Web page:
‘To where thy hallowed bones are laid, far from the busy haunts of men’
The words stitched in the centre of Ellen Moger’s piece of embroidery proved sadly prophetic. Ellen packed this memento in her trunk on the Moffat when she migrated to Adelaide with her four children in 1839. In the space of days, she buried three of them at sea. A letter home to her parents (held in the State Library of South Australia) relates how her grief sent her half mad.
It was stories like these, recorded in letters and diaries that inspired the SA Maritime Museum’s exhibition on medicine at sea. How typical, we wanted to know, was Ellen’s story? The young were the most vulnerable at sea as they were on land—children under the age of six accounted for three quarters of deaths on ships from England to Australia in the 19th century. A calico shroud stitched over the mannequin of a toddler in the exhibition, serves as a poignant reminder.
Rough Medicine charts the rise of the ship surgeon from barber and blood-letter— with the same salary and status as a ship’s carpenter— to a skilled medic with authority. In the 18th century, surgeons in the English Navy were forced to pay for their own surgical kits, which once they had been inspected, were sealed to ensure that they didn’t pawn anything prior to embarking. We have one of these on display with its armoury of ebony-handled knives and amputation saws. Each kit also contained a trephine, an instrument used to lift a compressed skull fracture or drain a buildup of blood on the brain. Despite the risk of infection, it was used with some success. One wonders how the patients suffered the pain, however, before the invention of ether in the 1840s. A surgeon’s most prized skill was speed, and the best could carry out painful procedures in a matter of minutes.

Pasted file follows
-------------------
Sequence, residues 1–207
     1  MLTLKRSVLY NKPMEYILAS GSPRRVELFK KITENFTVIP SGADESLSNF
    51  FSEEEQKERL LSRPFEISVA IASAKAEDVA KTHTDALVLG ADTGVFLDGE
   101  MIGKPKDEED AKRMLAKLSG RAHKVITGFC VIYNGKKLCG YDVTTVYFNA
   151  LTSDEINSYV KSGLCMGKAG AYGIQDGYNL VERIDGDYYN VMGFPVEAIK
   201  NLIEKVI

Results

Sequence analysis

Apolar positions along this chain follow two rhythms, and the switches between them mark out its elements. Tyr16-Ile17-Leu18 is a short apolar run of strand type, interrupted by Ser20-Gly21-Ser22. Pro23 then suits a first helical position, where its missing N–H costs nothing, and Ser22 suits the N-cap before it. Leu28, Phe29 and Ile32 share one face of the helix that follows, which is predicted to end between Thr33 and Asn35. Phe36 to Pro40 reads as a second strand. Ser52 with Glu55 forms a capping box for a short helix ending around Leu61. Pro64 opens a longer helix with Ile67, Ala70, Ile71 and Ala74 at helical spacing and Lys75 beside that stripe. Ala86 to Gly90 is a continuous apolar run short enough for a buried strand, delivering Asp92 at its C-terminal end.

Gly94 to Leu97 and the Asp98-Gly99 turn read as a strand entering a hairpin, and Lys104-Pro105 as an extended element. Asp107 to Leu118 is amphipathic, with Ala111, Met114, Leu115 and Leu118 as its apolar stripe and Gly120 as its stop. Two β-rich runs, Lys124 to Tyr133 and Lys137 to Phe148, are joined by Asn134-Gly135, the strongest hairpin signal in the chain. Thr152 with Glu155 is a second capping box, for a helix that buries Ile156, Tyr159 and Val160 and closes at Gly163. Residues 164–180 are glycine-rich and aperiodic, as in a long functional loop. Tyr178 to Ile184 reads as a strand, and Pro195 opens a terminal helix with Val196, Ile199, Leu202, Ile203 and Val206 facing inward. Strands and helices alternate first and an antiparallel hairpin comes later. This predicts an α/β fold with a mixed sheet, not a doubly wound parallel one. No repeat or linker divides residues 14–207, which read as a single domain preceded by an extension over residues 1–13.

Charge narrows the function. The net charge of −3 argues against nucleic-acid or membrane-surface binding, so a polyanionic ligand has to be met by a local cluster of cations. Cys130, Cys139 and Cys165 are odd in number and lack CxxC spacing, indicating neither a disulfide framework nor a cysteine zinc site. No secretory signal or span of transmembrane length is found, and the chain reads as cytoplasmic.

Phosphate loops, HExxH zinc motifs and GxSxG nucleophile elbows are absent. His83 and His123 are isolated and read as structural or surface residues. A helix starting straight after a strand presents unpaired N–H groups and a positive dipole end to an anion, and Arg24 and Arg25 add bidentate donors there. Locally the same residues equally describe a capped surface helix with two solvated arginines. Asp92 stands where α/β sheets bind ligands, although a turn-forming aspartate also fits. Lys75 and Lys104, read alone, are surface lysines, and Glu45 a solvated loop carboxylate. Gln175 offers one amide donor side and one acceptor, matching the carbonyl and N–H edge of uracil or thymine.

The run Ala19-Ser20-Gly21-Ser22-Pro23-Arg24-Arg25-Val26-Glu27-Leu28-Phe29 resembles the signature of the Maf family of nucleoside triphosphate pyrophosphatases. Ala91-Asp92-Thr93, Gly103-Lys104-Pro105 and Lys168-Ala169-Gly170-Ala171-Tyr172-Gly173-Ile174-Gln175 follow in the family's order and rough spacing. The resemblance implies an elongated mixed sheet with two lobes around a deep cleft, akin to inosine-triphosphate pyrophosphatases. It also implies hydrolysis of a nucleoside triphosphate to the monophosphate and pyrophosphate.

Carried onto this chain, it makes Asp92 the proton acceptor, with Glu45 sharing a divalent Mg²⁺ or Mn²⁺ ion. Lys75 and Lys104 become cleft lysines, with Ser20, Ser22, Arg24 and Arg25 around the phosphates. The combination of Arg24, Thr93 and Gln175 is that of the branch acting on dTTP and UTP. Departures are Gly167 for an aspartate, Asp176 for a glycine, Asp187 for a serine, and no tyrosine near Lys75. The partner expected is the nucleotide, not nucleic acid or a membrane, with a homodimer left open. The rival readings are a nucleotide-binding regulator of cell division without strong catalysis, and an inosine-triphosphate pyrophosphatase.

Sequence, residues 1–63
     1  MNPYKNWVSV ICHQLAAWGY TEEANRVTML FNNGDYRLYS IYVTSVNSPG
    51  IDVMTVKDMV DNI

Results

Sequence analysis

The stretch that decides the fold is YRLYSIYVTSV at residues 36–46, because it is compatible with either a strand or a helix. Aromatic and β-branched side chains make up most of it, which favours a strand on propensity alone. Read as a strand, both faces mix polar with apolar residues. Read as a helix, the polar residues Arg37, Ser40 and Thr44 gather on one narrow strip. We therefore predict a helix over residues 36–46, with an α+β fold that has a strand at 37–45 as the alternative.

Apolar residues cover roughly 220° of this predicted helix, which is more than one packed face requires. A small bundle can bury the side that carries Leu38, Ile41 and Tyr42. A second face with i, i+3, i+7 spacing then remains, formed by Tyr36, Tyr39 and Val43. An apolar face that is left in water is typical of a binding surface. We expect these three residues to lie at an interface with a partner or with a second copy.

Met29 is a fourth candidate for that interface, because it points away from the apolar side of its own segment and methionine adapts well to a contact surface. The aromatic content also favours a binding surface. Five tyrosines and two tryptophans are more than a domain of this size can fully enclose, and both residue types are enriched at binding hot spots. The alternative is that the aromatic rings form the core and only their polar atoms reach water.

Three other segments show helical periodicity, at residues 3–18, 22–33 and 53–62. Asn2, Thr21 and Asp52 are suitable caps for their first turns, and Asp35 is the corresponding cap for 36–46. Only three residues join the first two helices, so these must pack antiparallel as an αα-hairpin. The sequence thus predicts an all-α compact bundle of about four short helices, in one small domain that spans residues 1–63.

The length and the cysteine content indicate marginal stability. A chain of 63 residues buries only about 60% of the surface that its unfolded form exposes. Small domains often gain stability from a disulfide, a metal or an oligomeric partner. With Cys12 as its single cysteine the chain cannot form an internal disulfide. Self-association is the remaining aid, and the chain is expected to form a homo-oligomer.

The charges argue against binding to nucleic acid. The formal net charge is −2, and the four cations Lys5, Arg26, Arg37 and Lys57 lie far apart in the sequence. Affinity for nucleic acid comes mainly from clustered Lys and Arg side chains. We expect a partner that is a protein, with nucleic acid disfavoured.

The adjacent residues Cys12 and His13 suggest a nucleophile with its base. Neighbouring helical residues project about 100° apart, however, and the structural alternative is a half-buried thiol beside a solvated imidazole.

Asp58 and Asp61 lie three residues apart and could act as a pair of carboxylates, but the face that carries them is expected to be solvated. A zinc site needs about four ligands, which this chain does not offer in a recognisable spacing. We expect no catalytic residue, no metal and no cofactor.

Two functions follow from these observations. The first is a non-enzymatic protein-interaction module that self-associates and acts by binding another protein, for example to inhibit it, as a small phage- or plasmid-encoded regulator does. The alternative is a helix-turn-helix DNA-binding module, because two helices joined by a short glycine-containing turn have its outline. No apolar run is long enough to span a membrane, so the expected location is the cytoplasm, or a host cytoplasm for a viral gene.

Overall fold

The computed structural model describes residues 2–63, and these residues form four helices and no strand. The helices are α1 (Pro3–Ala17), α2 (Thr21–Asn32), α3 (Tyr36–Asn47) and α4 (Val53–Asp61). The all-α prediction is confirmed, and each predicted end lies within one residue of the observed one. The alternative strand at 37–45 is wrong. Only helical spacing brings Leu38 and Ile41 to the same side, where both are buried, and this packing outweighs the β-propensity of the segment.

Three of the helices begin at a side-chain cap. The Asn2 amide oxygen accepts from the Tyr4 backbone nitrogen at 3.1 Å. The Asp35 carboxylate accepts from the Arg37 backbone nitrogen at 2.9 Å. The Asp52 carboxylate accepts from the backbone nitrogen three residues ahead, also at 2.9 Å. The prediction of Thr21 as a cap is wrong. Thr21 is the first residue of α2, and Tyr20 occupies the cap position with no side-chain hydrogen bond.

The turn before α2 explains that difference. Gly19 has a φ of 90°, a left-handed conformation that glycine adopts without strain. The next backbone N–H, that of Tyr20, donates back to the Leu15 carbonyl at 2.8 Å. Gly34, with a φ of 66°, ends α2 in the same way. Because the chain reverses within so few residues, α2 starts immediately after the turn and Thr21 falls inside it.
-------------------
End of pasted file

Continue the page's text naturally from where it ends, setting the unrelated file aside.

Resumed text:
Venereal disease was one of the most common complaints on the Navy’s sick list and ‘one night with Venus‘ could indeed lead to a ‘lifetime with mercury’. Mercury, a toxic heavy metal, was the cure all for centuries. Bone syringes were used to inject mercurous chloride in the urethra and surgeons often believed their patients were on the mend when they began drooling (a sign, in fact, they had been poisoned by their ‘cure’).
Venereal disease was one of the most common complaints on the Navy’s sick list and ‘one night with Venus’ could indeed lead to a ‘lifetime with mercury’.
If mercury was the go to remedy for syphilitic sailors, blood-letting was the 19th century equivalent to a Bex and a good lie down. Disease was believed to be carried in toxic smells or ‘miasmas’. A healthy body was achieved by balancing the four humours (blood, phlegm, black bile, yellow bile). When these were out of kilter, patients were bled or purged. In the 1850s, migrant ships were instructed to carried fifty leeches for bleeding, stored in porcelain jars with perforated lids. Rough Medicine showcases an ornate Victorian example of one of these along with a scarificator or ‘mechanical leech’ with a daunting phalanx of spring-loaded blades. Ironically while bleeding made no difference to a patient’s health, these medicinal leeches are now used by hospitals for their anticoagulant properties, particularly important in skin grafts and reconstructive surgery.
The Victorians also loved thine enema. Regular bowels were seen as key to good health and enemas were regularly administered to both the ailing and robust. Rough Medicine showcases a roller pin sized ‘clyster’ or enema syringe used for irrigating the bowels. Emigrant guides from the 1850s prescribed an enema of starch and opium tincture to relieve the bloody flux (dysentery) and a mixture of Epsom salts, gruel and butter as a cure for ‘costiveness’ (constipation).
Rough Medicine: Life and Death in the Age of Sail runs until 27 May 2015 at the South Australian Maritime Museum. The exhibition is free with general admission. For more information, click here.